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Russia and China block Syria truce in UN vote

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Russia and China used their veto power in the U.N. Security Council to block a draft resolution on Monday calling for a seven-day humanitarian truce in the besieged Syrian city of Aleppo, leading the U.S. representative to accuse them of issuing a “death sentence” for innocent Syrians.

It was Russia’s sixth veto and China’s fifth of resolutions on the civil war in Syria, now in its sixth year.

The resolution, sponsored by New Zealand, Egypt and Spain, sought to allow for the removal of the sick and wounded and to provide humanitarian aid workers enough time to get food aid and medicine into the besieged city.

The resolution had 11 votes in favour, three against with one abstention but because Russia and China as permanent members of the 15-seat council have veto power the resolution did not pass. Venezuela, a non-permanent member, cast the other “No” vote and Angola abstained.

U.S. Deputy Ambassador Michele Sison called the vetoes “a death sentence for innocent men, women and children.”

“Let me tell you what Russia and China have vetoed today in blocking this resolution and allowing the bombardment of eastern Aleppo to continue. They have vetoed the delivery of basic medicine to people who will die without it. They have vetoed the evacuation of sick and dying people who have no chance of surviving in the bombed out hospitals and clinics of eastern Aleppo. They vetoed the delivery of food to civilians who could starve to death,” Sison said. “They have vetoed the lives of innocent Syrians.”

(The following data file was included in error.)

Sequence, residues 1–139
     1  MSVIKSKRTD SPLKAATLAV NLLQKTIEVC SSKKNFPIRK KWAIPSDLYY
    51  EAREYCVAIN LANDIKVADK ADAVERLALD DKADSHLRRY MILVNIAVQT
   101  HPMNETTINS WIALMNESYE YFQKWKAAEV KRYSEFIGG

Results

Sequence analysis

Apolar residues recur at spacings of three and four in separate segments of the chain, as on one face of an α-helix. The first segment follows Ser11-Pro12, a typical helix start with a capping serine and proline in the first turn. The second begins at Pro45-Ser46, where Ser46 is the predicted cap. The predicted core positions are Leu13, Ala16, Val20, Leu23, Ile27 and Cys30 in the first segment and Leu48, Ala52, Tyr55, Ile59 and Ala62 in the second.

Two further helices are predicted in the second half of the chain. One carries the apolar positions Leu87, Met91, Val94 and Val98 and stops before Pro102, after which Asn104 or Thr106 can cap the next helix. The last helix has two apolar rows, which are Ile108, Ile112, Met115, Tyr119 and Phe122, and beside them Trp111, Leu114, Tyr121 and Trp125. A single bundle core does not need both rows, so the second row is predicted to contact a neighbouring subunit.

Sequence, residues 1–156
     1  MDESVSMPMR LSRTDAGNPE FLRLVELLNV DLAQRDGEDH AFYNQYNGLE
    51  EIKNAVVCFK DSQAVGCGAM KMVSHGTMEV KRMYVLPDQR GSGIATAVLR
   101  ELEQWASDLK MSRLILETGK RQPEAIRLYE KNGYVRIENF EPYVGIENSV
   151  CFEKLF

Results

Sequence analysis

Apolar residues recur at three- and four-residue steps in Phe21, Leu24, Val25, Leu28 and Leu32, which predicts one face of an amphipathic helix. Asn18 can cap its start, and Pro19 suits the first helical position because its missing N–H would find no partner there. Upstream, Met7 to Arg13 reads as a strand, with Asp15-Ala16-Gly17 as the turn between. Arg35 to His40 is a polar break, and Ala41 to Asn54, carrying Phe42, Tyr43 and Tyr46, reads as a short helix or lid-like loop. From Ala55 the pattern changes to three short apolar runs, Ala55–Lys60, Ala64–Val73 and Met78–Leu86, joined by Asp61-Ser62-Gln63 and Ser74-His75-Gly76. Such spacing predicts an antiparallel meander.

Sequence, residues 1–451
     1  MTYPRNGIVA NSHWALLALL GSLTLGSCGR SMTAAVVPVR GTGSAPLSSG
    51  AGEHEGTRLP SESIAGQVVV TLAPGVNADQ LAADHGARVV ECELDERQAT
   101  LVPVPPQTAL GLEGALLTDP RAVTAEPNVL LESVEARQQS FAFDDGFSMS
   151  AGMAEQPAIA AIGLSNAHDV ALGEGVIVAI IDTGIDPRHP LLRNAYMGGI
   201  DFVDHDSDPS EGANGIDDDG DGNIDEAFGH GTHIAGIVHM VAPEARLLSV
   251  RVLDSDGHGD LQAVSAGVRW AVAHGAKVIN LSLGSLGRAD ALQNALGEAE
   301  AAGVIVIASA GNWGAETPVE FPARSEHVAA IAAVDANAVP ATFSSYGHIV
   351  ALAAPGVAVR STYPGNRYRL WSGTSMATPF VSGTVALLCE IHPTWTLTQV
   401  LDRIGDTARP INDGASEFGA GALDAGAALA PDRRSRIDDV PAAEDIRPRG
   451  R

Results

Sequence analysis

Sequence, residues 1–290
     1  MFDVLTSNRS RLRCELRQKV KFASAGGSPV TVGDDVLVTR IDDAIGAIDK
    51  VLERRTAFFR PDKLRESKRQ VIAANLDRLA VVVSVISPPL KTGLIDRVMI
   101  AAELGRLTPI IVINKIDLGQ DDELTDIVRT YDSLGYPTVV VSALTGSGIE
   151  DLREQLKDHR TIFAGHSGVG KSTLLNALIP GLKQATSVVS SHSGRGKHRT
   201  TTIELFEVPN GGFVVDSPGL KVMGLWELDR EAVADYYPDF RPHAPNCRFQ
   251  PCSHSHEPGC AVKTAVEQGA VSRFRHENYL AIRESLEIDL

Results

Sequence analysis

Before the vote, Sison traded barbs with the Russian representative over who was to blame for the resolution’s failure.

Russian Ambassador Vitaly Churkin complained that the vote violated the Security Council’s working procedures because the draft hadn’t been given the traditional 24 hours for it to be under review. He also complained that it did not take into account an agreement between Russian Foreign Minister Sergey Lavrov and U.S. Secretary of State John Kerry to organize a group of experts on Aleppo.

Sison said that Churkin’s contention that the U.S. and Russia were on the cusp of reaching a deal was “a made up alibi.”

“We will not let Russia string along the Security Council while waiting for a compromise that never seems to come,” Sison said.

The Security Council’s inability to act over Syria has led to a number of initiatives to bring the matter before the entire 193-member General Assembly where resolutions are non-binding but have the force of demonstrating international opinion. Canada is moving to present a resolution to the General Assembly and a coalition of human rights groups last week called for a special emergency session on Syria.

“Countries on and off the Security Council should immediately work to convene an emergency Special Session of the General Assembly to explore, among other things, ways to hold perpetrators of serious crimes in Syria to account,” Louis Charbonneau, U.N. director at Human Rights Watch said in a statement.

Invited to speak before the council, Syrian Ambassador Bashar Ja’afari repeated a frequent justification of his government’s actions in Aleppo as part of the effort to fight terrorism.

“From the very first days of the terrorist war imposed on my country, Syria, the United States, France and Britain indeed deserve the name of the three musketeers defending terrorism,” Ja’afari said, going on to accuse them of crimes in Libya and Yemen as well.

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